Time travel can be tricky, as the slightest misstep disrupts the space-time continuum. Best-case scenario? Your teenage mother ends up falling for the wrong guy. Worst-case scenario? The world ends. But that hasn’t stopped fictional characters from transforming toasters, telephone booths, and, yes, hot tubs into time-traveling devices. As John Cusack and Craig Robinson fire up the jets for Hot Tub Time Machine, we compile the ten most ridiculous methods of time travel seen on the big screen. If we missed any, take the time to let us know.
10. Pimp Mobile, Austin Powers in Goldmember
Needing to return to 1975 to halt his nemesis, Dr. Evil (Mike Myers), Austin Powers (also Myers) slides behind the wheel of a bouncy, tricked-out Cadillac with a fuzzy pink interior and gigantic die hanging from the mirror. The gaudy automobile tickled the international superspy’s fancy and, let’s face it, kind of appealed to the lowrider in all of us.
9. Device in a Garage, Primer
Shane Carruth’s low-budget head-scratcher analyzes the complications of time travel, but does so with a basic means of transportation. Aaron (Carruth) and Abe (David Sullivan) accidentally construct a random device in a suburban garage that sends items back in time. Deciding how they should use it, however, damages the multiple realities they occupy. At least, that’s what I think happens. With Primer, you’re never 100 percent sure.
8. Medallion in a Moat, Black Knight
You’ve heard of A Kid in King Arthur’s Court. Black Knight works kind of the same way, except that it delivers a Bad Boy to the same medieval territory. Martin Lawrence plays Jamal “Sky” Walker, disgruntled employee of the Medieval World theme park who time-travels after fishing a shiny medallion out off a miniature moat. Not exactly sure how that works, but at least his Jets jersey remains intact.
7. Runaway Train, Back to the Future Part III
Stuck in the Wild West, Marty McFly (Michael J. Fox) and Doc Brown (Christopher Lloyd) must supercharge a locomotive to reach the pivotal 88 miles per hour and return to modern times. (Naturally.) The idea, alone, sounds crazy. But it’s Doc’s color-coded logs, tossed into the train’s furnace, that make this a memorable — and absurd, even for this series of flicks — method of time transport.
6. Maser Velocity Accelerator, Timerider: The Adventure of Lyle Swann
Legendary racer Lyle Swann (Fred Ward) accidentally rides his souped-up dirt bike through a time-travel experiment, sending the cocky cyclist back to the 1800s, thanks to a device that manipulates microwaves. Swann wasn’t supposed to enter a time warp: scientists were attempting to transport an ape named Ester G. The Lyle Swann screenplay was penned by Michael Nesmith, onetime member of the Monkees.
5. The Necronomicon, Army of Darkness
Portals and vortices are nothing new in movies. But it’s the way Sam Raimi opens one up here that deserves mention. The Necronomicon, a book that traces its roots back to H.P. Lovecraft’s horror stories, torments Ash (Bruce Campbell) through three Evil Dead films. But in this one, it actually sends him to medieval England, where he must fight knights and night-walking demons. In time, though, it sends Ash home, where he resumes his dead-end retail job. Hooray?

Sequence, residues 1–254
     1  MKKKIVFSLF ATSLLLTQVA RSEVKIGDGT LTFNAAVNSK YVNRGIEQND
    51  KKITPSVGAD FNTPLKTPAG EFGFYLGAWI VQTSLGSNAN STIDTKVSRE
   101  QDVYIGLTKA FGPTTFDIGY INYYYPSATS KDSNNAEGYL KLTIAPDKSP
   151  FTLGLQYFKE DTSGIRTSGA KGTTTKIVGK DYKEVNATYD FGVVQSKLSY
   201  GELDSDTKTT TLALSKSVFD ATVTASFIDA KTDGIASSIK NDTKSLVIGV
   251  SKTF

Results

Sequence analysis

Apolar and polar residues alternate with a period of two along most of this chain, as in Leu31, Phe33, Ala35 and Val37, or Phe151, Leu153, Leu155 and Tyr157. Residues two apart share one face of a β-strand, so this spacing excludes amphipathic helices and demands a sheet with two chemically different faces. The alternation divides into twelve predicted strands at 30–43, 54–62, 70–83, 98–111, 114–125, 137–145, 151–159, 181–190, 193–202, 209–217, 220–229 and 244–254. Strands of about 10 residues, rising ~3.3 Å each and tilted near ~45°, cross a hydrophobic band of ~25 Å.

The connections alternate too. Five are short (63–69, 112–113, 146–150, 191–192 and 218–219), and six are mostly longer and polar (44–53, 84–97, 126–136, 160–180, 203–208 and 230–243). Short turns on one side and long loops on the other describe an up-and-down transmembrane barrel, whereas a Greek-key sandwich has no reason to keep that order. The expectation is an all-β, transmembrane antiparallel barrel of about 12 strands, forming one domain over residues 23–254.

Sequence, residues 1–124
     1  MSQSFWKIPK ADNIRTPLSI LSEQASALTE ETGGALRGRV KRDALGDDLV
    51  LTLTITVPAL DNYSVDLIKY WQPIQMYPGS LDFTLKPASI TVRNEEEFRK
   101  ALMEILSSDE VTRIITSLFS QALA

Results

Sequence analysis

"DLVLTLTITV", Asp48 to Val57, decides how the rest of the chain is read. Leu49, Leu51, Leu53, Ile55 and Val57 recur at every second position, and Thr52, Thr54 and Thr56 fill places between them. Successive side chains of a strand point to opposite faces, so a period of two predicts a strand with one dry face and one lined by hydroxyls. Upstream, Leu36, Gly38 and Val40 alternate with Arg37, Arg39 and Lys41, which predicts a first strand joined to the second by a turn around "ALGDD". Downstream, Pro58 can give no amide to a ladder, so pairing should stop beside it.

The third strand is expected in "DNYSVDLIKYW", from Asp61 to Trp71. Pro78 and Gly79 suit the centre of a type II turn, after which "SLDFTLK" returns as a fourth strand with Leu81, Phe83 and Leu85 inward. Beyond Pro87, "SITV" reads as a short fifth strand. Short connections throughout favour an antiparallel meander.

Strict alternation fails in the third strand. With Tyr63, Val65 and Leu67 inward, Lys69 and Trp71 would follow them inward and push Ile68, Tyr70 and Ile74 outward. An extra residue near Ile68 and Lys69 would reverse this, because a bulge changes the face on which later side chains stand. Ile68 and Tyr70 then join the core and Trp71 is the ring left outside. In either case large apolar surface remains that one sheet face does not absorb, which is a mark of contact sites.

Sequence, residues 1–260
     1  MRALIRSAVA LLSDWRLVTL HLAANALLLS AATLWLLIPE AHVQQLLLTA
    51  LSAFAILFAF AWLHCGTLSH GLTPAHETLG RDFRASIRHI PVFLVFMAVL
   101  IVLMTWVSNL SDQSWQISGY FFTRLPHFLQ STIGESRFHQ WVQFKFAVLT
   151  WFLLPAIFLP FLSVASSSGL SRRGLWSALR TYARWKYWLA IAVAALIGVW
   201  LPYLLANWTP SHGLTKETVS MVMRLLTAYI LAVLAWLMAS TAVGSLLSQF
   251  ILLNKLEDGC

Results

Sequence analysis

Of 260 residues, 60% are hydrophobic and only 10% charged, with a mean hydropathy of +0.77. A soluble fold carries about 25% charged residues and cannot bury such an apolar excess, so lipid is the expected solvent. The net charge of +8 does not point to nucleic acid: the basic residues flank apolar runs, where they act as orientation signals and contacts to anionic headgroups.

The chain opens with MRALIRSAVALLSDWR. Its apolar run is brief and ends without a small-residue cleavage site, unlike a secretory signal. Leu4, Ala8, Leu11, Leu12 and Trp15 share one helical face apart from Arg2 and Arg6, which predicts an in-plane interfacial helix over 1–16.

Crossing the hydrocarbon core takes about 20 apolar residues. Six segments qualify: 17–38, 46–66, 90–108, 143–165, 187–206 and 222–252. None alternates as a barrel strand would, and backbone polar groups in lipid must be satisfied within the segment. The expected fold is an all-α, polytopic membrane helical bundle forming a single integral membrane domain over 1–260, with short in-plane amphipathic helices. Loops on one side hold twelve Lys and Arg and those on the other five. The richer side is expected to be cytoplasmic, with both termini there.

4. Freakish Storm Vortex, The Final Countdown
To interfere with history or not to interfere? Don Taylor’s Final Countdown asks that question, sending a nuclear-powered aircraft carrier, piloted by Kirk Douglas and Martin Sheen, to a time days before the Pearl Harbor attack, so that they can debate whether they should prevent it. The premise is strong, but the freak “storm” that sends our sailors back in time — and magically returns late in the movie to correct the narrative’s timeline — is pretty weak.
3. The Time-Turner, Harry Potter and the Prisoner of Azkaban
In this hit movie, Dumbledore (Michael Gambon) produces an hourglass-shaped pendant that sends Hermione (Emma Watson) and Harry Potter (Danielle Radcliffe) back in time so that they can rescue…Harry Potter? It makes more sense once you’ve seen it. What doesn’t make much sense is that the Time-Turner disappears for the rest of the franchise, even though there are countless times when its power would come in handy — like, for instance, when a certain professor kills a certain headmaster.
2. DeLorean, Back to the Future
The franchise that’s so nice we mention it twice! Even Marty McFly (Michael J. Fox) thinks this one is ridiculous: “Are you telling me that you built a time machine…out of a DeLorean?” The movie and its silly method of time travel climbs to number two on this list both for its rebuttal from Doc (Christopher Lloyd) — about traveling in style — and for the fact that it enabled John DeLorean’s gull-wing-door contraption to live on in our hearts and minds, when it could have been little more than an historical footnote.
1. Phone Booth, Bill & Ted’s Excellent Adventure
Before they could record righteous music as members of Wyld Stallyns, Bill S. Preston (Alex Winter) and Theodore “Ted” Logan (Keanu Reeves) need to pass their history final. Enter Rufus (George Carlin), who lends them a time-warp telephone booth (!) that miraculously fits Abraham Lincoln, Napoleon, and Socrates, to name a few. Like the movie itself, Bill and Ted’s ridiculous method of time-traveling transportation — wait for it — totally rules.